salle avec mur d'écrans TV de contrôle pour Paris 2024

Published on 05 July 2024

How Orange delivers live coverage from the Paris 2024 Olympic and Paralympic Games

Orange has been selected by Olympic Broadcasting Services to be the sole service provider to deliver live coverage from Paris 2024. This means Orange will connect the International Broadcast Center, the cornerstone of broadcasting the images from this extraordinary event. Pierre-Louis de Guillebon, CEO of Orange Events, explains Orange’s role and challenges, both a source of pride and remarkable commitment for Orange employees.

portrait rond Pierre Louis de Guillebon

Pierre-Louis de Guillebon,
CEO of Orange Events

What are the Olympic Broadcasting Services and the International Broadcast Center (IBC)?

The International Broadcast Centre (IBC) is the temporary home for Olympic Broadcasting Services and the media rights-holders during each Games for all footage coming from the 35 competition venues. The venue, located at Le Bourget, is operated by Olympic Broadcasting Services (OBS), which will provide live coverage of the Games for nearly 4 billion viewers around the world. The OBS was established by the International Olympic Committee in 2001 as the permanent host broadcaster of the Olympic Games, but the first central broadcasting service, independent from any domestic broadcaster, actually launched back in Barcelona 1992. 

The OBS signs agreements with any television broadcaster wishing to broadcast images from the Games. Some channels such as France Télévision produce their own content, while other channels retransmit the generic international stream.

What key role will Orange play? 

We’ll be delivering all the action from the Paris 2024 Olympic and Paralympic Games from each of the venues, whether in Paris, Marseille, Lille, Nantes, Bordeaux... or even Tahiti. We’re also responsible for connecting the images coming from the IBC. 

Two broadcasting techniques are possible from the IBC, depending on the means available to the official broadcasters. Some channels transmit the international satellite stream produced by the OBS containing English-language commentaries. Broadcasters with greater resources transmit the image streams they produce via fiber.

 

 

How do you and your expert teams ensure you meet your commitments?

In the eyes of our customer, the OBS, and the professionals we serve through it, the key word is network resilience. For such an event, we must always have something to show. We have to anticipate all scenarios, from fiber outages to attacks or climate crises. It is a highly complex operation due to the volume of data involved in transmitting several tens of thousands of hours of broadcasting, and the requirement for precise synchronization, to the second.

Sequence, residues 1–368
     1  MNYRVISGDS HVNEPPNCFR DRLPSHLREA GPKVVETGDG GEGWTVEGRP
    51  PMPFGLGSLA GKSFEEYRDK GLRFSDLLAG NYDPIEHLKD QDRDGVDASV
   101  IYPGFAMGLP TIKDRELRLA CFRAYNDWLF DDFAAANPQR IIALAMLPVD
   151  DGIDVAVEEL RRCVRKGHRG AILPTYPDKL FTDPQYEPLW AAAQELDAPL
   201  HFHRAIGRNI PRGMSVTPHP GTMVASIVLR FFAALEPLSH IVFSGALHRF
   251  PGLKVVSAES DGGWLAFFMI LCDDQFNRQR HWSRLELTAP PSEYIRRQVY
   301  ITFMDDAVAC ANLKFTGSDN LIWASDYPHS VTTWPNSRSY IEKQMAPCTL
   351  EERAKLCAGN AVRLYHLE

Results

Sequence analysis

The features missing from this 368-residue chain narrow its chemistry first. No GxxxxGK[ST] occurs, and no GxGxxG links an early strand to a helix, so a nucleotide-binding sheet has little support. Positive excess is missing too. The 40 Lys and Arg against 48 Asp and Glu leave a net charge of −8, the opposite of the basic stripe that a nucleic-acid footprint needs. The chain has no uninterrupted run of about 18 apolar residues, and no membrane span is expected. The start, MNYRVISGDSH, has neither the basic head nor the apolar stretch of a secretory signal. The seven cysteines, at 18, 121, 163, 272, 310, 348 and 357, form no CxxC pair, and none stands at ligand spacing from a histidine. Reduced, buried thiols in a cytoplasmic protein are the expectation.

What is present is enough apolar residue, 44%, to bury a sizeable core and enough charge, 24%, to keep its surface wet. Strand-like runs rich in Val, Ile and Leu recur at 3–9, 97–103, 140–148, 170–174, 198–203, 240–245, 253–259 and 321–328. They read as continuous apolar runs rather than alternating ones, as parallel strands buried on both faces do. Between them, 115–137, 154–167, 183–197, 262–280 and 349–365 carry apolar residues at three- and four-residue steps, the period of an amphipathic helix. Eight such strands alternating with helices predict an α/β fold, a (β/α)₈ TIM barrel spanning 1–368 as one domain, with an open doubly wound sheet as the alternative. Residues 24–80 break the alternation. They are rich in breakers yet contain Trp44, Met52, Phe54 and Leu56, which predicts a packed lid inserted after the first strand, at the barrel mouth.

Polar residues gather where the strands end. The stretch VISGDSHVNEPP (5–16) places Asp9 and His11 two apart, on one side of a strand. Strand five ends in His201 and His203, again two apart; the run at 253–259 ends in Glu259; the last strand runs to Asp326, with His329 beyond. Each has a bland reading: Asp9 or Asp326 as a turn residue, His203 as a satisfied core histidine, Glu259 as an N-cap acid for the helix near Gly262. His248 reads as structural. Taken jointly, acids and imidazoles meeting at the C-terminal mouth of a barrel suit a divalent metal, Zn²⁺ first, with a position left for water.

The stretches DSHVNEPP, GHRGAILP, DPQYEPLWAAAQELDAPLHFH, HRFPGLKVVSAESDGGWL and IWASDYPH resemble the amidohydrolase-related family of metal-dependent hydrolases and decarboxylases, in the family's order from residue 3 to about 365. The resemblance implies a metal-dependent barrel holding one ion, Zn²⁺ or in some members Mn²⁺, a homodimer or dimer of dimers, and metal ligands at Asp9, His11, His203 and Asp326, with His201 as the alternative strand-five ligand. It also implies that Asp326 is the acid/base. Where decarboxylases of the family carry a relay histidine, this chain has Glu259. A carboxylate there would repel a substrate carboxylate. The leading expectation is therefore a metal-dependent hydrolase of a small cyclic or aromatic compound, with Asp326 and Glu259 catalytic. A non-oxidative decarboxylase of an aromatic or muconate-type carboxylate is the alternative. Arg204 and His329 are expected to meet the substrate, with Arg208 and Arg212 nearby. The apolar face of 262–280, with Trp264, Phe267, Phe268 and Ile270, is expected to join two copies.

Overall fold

In terms of viewers, what best encapsulates our mission is the sheer number of cameras deployed For example, for the Opening and Closing Ceremonies, nearly 500 cameras will be used (compared to the usual 60), 200 of which will be on board the ships. For the kite surfing events in Marseille, cameras on the athletes’ equipment will broadcast immersive and extraordinary footage from the water. 

From a technical and technological point of view, what makes Paris 2024 so special? 

We deployed a new private 5G network for the Opening and Closing Ceremonies, Marseille Marina, Stade de France, Bercy, and Arena 92. This network enables us to transmit feeds from a large number of cameras without depending on or affecting the public network. It also serves the dash/body cams. On-site spectators will also enjoy an optimal connection via their mobiles and tablets. We know from experience that many might be watching what’s happening at other events than the ones they are attending.

For Paris 2024 Olympic and Paralympic Games, we have also created a “push-to-talk” communication function that works via a priority 4G network so that organizers, especially within the IBC, can turn classic mobiles into walkie-talkies without any geographical limits, with perfect sound quality and the ability to send messages and videos. This last feature is very useful for sharing images of an incident that is not easy to describe in worlds. There will be around 13,000 devices available within the IBC.

femme victorieuse sur un stade d'athlétisme

What are you most proud of? 

Supporting this event is a great source of pride in itself, as it is so important and so significant. It requires a variety of skills at the highest level. What I also like most is to see how our 1,000 Orange employees are so committed, skilled and enthusiastic. It is a technological adventure and above all a human adventure. There’s a team at each venue, coordinating with our central team, who are all perfect examples of initiative, organization, and enterprise. Finally, in an increasingly complicated world, it is an honor to contribute to the world’s most iconic sporting event, which is an invitation to and celebration of top-level performance. It requires us to stay focused and humble to the end.